Behind the Maskcraft – Kristofor Bate

Kristofor BateKristofor Bate is the Artistic Director of Maskcraft, an Edinburgh-based company that exists to preserve, create and share mask theatre practice. Kristofor took part in the Creative Incubator at YTAS’ National Convention of Youth Drama in March 2018 and we caught up with him to talk about his background, the company and his plans for the future.

Can you tell us a bit about yourself and your role as a practitioner?

As a kid and a teenager, youth theatre was an integral part of my identity. When I was five my mum put me into a Saturday morning drama class at Cumbernauld Theatre so she could do the weekly shop and 30 years later I’m still at it! I loved drama growing up so I was drawn to specialising in Community Theatre when studying. I’ve gathered broad range professional experience; facilitating, acting, directing, teaching, writing, technical, stage management, front of house, box office (most of my college essays were written while working stage door!) because I want to understand and practice as much as I can. The most important word in my vocabulary is “learn”. That comes from an old college lecturer and his deep rooted enthusiasm for sharing knowledge was an inspiration.

How did the idea for Maskcraft emerge?

I’ve had a long interest in masks and in my final year at university I used my dissertation to research their use in Japanese Noh theatre, Commedia dell’Arte and African ceremony. Over the years I’ve continued to experiment and research, however further training primarily had to take place out with Scotland. There are some excellent companies south of the border like Trestle, Geese and Strangeface, and a lot of development internationally, but not a lot here in Scotland. This has formed the foundation of our mission statement; to preserve, create and share mask theatre practice. Our aim is to advance the cultural life of Scotland and we hope to provide a platform for training and research here.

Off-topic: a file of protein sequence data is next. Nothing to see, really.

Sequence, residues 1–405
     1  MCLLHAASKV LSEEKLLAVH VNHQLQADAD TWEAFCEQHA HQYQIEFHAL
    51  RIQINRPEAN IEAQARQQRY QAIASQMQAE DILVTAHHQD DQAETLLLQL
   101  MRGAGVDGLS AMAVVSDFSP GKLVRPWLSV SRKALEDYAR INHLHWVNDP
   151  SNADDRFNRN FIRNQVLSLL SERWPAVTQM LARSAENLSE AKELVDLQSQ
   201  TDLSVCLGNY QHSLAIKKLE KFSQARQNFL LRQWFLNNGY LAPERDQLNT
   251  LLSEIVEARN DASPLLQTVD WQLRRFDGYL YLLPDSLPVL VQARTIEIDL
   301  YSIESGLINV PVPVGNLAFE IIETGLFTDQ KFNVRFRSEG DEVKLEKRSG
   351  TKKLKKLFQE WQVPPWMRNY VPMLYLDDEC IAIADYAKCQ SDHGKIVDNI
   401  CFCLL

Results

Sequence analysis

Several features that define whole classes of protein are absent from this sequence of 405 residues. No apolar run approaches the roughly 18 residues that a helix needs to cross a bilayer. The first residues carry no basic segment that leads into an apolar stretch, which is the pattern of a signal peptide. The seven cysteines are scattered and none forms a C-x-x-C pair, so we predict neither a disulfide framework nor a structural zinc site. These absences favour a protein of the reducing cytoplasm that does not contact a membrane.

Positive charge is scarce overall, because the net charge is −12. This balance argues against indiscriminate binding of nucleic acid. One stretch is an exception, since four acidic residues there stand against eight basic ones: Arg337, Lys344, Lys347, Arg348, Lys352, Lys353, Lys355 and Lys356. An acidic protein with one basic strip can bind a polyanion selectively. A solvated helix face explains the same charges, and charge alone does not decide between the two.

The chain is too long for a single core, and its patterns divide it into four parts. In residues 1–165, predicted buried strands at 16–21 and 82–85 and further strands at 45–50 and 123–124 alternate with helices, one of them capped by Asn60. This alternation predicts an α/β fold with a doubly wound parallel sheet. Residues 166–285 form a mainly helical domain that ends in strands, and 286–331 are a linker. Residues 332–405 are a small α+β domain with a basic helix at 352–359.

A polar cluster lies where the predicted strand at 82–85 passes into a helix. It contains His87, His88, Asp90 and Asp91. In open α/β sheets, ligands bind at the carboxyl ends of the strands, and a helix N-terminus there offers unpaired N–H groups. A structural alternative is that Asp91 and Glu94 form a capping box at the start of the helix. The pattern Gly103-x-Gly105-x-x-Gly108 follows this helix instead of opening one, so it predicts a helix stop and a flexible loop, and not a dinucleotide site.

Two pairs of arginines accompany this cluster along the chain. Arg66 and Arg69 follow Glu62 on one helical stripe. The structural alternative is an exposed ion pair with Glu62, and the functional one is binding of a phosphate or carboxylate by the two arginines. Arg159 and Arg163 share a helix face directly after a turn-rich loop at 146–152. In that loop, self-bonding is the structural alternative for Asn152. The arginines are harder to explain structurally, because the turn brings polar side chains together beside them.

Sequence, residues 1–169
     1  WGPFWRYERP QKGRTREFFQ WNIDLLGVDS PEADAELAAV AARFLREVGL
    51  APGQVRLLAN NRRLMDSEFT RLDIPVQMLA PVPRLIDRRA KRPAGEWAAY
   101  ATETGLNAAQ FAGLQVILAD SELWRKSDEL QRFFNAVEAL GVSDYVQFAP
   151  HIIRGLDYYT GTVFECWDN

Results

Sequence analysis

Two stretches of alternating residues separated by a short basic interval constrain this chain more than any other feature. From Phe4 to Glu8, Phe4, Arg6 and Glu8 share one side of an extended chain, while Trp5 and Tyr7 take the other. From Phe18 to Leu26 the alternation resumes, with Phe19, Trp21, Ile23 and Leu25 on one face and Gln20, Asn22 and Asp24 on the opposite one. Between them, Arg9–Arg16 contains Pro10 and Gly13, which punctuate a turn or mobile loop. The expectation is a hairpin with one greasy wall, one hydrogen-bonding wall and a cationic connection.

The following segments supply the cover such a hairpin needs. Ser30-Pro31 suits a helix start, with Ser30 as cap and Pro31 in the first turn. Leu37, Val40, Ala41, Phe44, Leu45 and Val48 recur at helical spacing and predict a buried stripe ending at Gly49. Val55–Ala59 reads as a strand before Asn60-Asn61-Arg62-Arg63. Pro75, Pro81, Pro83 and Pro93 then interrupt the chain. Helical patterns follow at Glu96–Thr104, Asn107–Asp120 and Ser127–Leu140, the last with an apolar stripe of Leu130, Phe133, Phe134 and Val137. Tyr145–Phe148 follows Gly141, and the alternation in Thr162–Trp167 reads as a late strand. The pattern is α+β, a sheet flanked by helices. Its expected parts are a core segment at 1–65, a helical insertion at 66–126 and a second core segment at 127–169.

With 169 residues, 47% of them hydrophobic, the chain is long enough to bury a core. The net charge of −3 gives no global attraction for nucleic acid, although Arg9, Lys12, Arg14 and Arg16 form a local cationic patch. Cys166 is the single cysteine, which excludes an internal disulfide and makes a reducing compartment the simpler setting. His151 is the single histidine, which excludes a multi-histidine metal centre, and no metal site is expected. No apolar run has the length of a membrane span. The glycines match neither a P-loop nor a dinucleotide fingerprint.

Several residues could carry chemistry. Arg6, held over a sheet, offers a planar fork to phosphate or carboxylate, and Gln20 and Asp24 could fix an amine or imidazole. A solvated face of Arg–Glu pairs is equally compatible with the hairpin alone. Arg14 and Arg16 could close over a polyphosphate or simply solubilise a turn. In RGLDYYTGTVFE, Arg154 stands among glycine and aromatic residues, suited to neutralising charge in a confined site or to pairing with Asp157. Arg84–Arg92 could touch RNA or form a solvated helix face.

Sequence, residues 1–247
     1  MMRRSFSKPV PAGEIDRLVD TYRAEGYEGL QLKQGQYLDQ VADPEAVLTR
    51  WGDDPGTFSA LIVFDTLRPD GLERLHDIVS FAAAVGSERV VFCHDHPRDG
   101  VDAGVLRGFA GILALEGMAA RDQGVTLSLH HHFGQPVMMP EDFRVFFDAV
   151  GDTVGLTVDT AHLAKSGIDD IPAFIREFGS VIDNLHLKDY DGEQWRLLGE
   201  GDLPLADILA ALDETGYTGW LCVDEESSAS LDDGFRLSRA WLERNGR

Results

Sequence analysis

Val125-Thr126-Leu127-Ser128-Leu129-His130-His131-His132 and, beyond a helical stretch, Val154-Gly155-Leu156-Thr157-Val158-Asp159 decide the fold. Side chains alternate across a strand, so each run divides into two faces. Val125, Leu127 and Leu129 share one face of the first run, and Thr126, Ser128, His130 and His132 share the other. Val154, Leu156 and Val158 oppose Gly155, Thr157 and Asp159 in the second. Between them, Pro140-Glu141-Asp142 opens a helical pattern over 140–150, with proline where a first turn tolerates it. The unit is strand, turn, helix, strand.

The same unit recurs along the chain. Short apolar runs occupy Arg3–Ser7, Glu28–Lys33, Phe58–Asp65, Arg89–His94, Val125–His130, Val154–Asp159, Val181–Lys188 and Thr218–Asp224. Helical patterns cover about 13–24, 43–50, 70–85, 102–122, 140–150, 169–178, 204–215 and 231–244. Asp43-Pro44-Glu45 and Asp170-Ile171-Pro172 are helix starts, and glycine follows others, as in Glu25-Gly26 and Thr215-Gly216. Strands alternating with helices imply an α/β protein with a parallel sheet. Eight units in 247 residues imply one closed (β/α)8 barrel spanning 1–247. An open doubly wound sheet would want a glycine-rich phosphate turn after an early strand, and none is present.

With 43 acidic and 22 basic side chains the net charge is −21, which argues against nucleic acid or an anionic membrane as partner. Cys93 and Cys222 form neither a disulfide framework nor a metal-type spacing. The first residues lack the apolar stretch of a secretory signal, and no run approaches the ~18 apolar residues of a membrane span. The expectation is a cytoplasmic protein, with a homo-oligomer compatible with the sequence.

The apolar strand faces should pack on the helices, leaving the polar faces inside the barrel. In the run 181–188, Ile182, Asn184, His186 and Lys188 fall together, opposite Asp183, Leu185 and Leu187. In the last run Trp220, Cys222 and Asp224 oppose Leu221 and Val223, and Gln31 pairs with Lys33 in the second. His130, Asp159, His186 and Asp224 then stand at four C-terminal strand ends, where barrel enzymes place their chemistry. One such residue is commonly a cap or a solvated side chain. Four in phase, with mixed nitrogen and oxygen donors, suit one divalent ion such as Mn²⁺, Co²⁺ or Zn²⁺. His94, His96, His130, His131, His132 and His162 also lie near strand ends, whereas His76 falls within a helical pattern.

How did participating in the Creative Incubator help you develop your idea?

Prior to the Creative Incubator, Maskcraft didn’t have a name or a structure – the concept was bubbling beneath the surface but hadn’t taken form yet. The Creative Incubator provided a space free from distraction to reflect on what was important as an artist and to define core principles, ethos and pedagogy. The Creative Incubator team helped to facilitate a connection between my professional goals and passion for masks. By the end of the Creative Incubator I had clear structure and targets to achieve, and also a support network from both YTAS and the other Incubator participants.

What have been the most challenging and exciting things about setting up on your own?

It was a difficult decision to leave some of the youth theatre classes I was teaching. The months following the Incubator were spent mostly secluded, developing the business plan, marketing and finance strategies, website etc. My partner Heather brought me many a cup of tea! Building a good foundation was important so I dedicated time to this. We’re now at a point where dialogue is opening up and recently I’ve been meeting with people who are really interested in mask work and its development in Scotland. It’s incredibly exciting to see real enthusiasm for our projects from the community.